It?s easier to probably say what?s new and not what?s returning as so much of this game has been carried over from the original. Also returning is the vast costume options, along with some modifiers that can be equipped. In the original game these modifiers sometimes gave you new powers and buffs, while this release mostly gives you better percentages for damage, or more gadget slots to use. The costumes are unlocked similarly to the last game, by collecting different token types via side missions and main missions. While I don?t know the Miles lore well, I did really dig some of the costume designs.
I?m glad Insomniac set everyone’s expectations for this release way before launch, because like I said before, it?s not a true sequel and feels like an expansion in my opinion. Now that?s not a bad thing, because a new Spider-Man game with their tight engine in a beautiful rendered NYC, with a captivating story and excellent voice acting, hits on nearly every level. Sure it feels a lot like the last game, but that?s not necessarily a bad thing given some of the other bad Spider-Man games that have come in the past. This is a great detour from Peter?s story before we get the true sequel on the next gen consoles that really pushes this franchise to levels no other super hero franchise has been before (that?s right, look out Arkham series).
We probably would have preferred a $40 price point for what?s included in Marvel’s Spider-Man: Miles Morales but at $50 it?s still a great buy, and also one of the cheapest launch PS5 releases. So if you were disappointed by Avengers and were waiting for the return of Spidey, it?s time to suit up with Harlem?s newest hero.
PS5 Version Impressions
So let’s of course talk about Spider-Man: Miles Morales for the PlayStation 5 that Insomniac surely also put a lot of time into to get ready for the console’s big launch (read our first impressions of the console, here).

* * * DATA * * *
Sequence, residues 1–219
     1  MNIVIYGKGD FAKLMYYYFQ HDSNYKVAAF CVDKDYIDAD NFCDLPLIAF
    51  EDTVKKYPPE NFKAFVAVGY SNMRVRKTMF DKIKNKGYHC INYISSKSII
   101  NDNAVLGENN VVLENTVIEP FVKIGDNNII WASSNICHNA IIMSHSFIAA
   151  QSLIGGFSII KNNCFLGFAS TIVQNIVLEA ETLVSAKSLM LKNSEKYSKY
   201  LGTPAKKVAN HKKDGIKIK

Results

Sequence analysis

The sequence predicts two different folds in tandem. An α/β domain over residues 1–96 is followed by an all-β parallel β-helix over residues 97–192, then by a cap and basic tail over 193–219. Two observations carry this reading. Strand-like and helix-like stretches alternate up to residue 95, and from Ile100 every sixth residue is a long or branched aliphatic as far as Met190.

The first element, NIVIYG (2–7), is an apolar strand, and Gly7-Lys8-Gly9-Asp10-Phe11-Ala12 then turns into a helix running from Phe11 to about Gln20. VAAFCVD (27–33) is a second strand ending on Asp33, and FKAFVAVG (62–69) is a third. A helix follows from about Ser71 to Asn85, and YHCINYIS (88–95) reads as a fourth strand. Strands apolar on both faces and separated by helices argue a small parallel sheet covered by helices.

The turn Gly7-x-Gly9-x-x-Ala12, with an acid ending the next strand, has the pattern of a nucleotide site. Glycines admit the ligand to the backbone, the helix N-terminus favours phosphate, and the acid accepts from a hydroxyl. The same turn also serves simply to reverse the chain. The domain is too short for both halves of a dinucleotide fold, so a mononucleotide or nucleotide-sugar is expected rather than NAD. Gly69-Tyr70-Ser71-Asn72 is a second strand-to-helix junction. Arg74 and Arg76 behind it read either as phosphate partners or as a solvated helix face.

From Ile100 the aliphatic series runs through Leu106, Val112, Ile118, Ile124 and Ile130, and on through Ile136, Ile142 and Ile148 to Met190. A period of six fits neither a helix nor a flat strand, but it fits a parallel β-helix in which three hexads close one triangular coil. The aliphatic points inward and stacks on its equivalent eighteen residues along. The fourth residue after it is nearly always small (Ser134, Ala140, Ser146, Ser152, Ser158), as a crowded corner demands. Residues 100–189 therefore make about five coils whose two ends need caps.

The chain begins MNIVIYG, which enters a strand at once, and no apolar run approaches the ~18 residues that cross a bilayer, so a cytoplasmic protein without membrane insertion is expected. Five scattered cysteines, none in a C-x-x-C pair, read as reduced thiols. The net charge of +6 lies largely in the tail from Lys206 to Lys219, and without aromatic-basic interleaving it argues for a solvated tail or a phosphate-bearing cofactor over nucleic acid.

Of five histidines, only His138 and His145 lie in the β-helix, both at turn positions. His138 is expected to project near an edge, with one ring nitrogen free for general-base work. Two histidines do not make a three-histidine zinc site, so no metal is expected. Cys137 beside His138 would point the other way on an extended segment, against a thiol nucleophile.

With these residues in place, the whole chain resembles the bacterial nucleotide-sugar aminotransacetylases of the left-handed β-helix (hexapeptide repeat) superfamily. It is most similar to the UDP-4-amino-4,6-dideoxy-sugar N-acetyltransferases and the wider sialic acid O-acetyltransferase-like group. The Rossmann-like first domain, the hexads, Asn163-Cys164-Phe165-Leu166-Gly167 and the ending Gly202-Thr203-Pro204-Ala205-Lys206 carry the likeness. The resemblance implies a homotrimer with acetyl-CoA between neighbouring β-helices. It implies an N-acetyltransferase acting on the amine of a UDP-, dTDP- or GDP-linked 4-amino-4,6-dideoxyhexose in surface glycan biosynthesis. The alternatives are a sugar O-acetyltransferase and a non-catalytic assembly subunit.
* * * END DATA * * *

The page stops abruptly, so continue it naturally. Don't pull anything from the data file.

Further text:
The next-generation version is, fundamentally, the same game as the already great PS4 version (which Paul, as our resident “Superhero Editor”, detailed above). We had the opportunity to play through the entire experience on the PS5 as well, and the enhancements and options, especially in the visuals department, are fairly substantial as compared to the PS4/PS4 Pro title. By default the PS5 version runs in “Fidelity Mode”, which outputs an insanely clean 4K image at a rock solid 30fps with ray-tracing, enhanced lighting, reflections, shadows and effects. I played through most of the game in this default mode and also made sure to put in a couple of hours with the “Performance Mode” which renders a dynamic 4K image at a silky smooth 60fps, but with no ray-tracing and apparently lower quality effects. I’ll be honest, while switching back and forth from the settings, I had a difficult time pointing out the lower quality visuals in Performance Mode and didn’t notice the resolution waver from what looked like a 4K image much at all. Fidelity Mode did have more numerous and accurate reflections being rendered on essentially any surface or material that you would expect them to including vehicles, buildings, glossy floors, wet roadways, etc. With Spider-Man: Miles Morales being a relatively fast moving game, there’s not always an opportunity to even notice the absence of those finer details. So… super smooth framerate or more accurate reflections and effects; It’s nice to have a choice when playing the PS5 version.
Miles Morales also taps into some of the built-in PS5 features including activity cards, more granular Trophy tracking, improved controller feedback and seemingly 3D audio. But the real next-gen enhancement, in my opinion, is the lightning quick SSD loading times or basically the complete lack of loading times anywhere in the game. You can load up a saved game, jump into an activity, restart or fast travel completely across the map and barely have time to start counting down. Fast travel is especially amusing since Miles ascends subway steps within 3 seconds of initiating travel from the map. And since fast travel subway stations are everywhere, bouncing from side-mission, to task, to collectable, to challenge takes no time at all enabling you to clear them off the map/checklist with little effort. So for all you completionists out there, knocking out Trophies in open-world games just became that much easier.
So the PS5 version is clearly the superior experience if you have the choice and would be a worthy launch title for those lucky enough to secure a console pre-order in the near future. I 100% agree with Paul’s overall assessment of the game itself, and the PS5 enhancements don’t affect our final grade.
Note: Sony Interactive Entertainment provided us with a Marvel’s Spider-Man: Miles Morales PS5 and PS4 code for review purposes.